Category: Covenants


The Noahic Covenant, found in Genesis 9:8-17, is the promise that God made to Noah and his descendants after the flood which destroyed the world. The Noahic Covenant has several distinguishing features. First, it is an unconditional covenant. Second, it was made to Noah and all his descendants as well as “every living creature” and the earth in general (Genesis 9:8-10). Third, it was sealed with a sign, the rainbow.

The Noahic Covenant is an unconditional covenant because it does not depend upon anything Noah or his descendants had to do to fulfill the covenant. The promise is based upon God’s faithfulness alone. Because of God’s faithfulness to always do what He says He will do, we can know today with certainty that there will never be another worldwide flood as there was in the days of Noah, no matter how wicked mankind becomes. Neither the wickedness nor the righteousness of mankind affects this unconditional covenant. There is no “condition” under which God will renege on His promise. This does not mean that God will never again destroy the earth, however. He has promised to one day destroy the earth by fire (2 Peter 3:10, 11; Revelation 20:9, 21:1 ) in the terrible events known as the “day of the Lord.”

After the flood God promised that He would never again send a worldwide flood to destroy the earth as an act of His divine judgment for sin. As a sign to remind Noah and his descendants of His covenantal promise, God “set the rainbow in the cloud” (Genesis 9:12-13). Just as circumcision was the sign of the Abrahamic Covenant, the rainbow is the sign of the Noahic Covenant. The lesson to us is that when we see a rainbow we should always be reminded of God’s faithfulness and His amazing grace. We should also be reminded that our God is a holy and righteous God who has a holy hatred for sin and who will not allow sin to go unpunished forever. Also, just as God provided a way for Noah and his family to be saved in the ark, He also has provided a way for us to be saved through Jesus Christ. Noah and his family were saved from the wrath of God that came in the flood, just as those who are in Christ are saved from the “wrath to come” (1 Thessalonians 1:10).

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The Edenic Covenant is the covenant that God made with Adam in the Garden of Eden. This covenant is also sometimes called the “Covenant of Works” and is the first covenant that God made directly with man.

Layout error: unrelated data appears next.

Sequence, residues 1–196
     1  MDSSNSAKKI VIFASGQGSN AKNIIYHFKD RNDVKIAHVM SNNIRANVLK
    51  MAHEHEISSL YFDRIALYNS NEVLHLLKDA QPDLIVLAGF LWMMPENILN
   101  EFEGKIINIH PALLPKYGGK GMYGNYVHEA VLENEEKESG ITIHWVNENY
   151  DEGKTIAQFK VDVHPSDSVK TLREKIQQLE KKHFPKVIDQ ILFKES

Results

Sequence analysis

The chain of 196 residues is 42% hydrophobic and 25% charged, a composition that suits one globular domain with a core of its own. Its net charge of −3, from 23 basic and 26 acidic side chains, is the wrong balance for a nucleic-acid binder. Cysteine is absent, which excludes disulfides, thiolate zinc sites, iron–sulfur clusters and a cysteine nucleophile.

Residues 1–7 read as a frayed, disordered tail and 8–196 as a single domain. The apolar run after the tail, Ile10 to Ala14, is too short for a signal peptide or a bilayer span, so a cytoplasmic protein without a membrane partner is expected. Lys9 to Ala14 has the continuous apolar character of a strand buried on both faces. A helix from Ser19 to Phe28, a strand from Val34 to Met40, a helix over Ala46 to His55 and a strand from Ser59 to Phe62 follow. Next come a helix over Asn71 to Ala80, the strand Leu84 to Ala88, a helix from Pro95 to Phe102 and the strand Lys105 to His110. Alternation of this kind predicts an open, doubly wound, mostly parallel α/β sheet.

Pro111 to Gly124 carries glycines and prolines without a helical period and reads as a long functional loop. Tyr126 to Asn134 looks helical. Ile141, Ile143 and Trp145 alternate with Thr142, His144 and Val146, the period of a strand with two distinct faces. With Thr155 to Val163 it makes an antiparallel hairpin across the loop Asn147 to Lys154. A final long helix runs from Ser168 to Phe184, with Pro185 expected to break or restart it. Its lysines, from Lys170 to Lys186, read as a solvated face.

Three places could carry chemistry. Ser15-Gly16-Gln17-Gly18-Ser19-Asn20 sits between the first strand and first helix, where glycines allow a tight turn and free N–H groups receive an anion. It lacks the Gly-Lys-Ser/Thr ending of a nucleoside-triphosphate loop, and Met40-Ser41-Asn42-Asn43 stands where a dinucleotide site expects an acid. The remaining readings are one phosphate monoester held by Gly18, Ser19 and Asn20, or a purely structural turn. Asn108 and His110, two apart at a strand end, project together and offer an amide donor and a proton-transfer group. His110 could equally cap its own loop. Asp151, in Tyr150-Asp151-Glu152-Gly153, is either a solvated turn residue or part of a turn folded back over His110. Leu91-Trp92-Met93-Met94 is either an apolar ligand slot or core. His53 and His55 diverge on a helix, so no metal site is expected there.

In Scripture we see two different types of covenants that God makes with men. Some are unconditional covenants, which God will keep regardless of man’s actions. Others are conditional in that man must obey the terms of the covenant in order to receive the promises related to it. The Edenic Covenant is an example of a conditional covenant because Adam was required to obey the terms of the covenant in order to not suffer the consequences of breaking it.

The Edenic Covenant or Covenant of Works can be found in the opening chapters of Genesis where God makes some conditional promises to Adam. The Edenic Covenant is not explicitly called a covenant in Genesis; however, it is later referred to as a covenant in Hosea 6:7, “But like Adam they transgressed the covenant; there they dealt faithlessly with Me” (ESV).

While some theologians will list as many as six different obligations that Adam was to keep, the heart of Edenic Covenant is really God’s command to Adam to not eat from “the tree of the knowledge of good and evil” (Genesis 2:16–17). That command sets forth God’s promise as well as the penalty if Adam disobeys.

In the Edenic Covenant, God promises Adam life and blessing, but that promise is conditional upon Adam’s obedience to God’s command not to eat of the fruit of the tree of knowledge of good and evil. (Genesis 2:16–17) Adam’s penalty for disobedience would be physical and spiritual death as well as a curse on the ground so that Adam would have to work harder to grow crops. One of the results of Adam’s sin was that he would have to toil all of his days until his death (Genesis 4:17–19).

This covenant plays an important part in the unfolding of God’s plan of redemption, as it shows man’s inability to maintain a right relationship with God even when he is in the earthly paradise that God created for him.

Adam’s sin broke this conditional covenant with God and left man in a fallen state, but God would soon make a second, unconditional covenant of redemption with Adam and Eve (Genesis 3:14–24). Like the Edenic Covenant, this one is not explicitly referred to as a covenant in Genesis, but it is a significant promise that God makes to mankind. It is the first promise of redemption and the first promise of Christ’s coming (Genesis 3:15). Here, only three chapters into this remarkable book, God is already giving us hope of a Redeemer. Genesis 3:15 is sometimes referred to as the protevangelium, the first announcement of the gospel in Scripture. God’s promise to Eve that the seed of the serpent would bruise the heel of the seed of Eve and the seed of Eve would bruise the head of the seed of the serpent, is the foretelling that Satan would wound Christ on the cross, but that Christ would triumph over Satan on that same cross.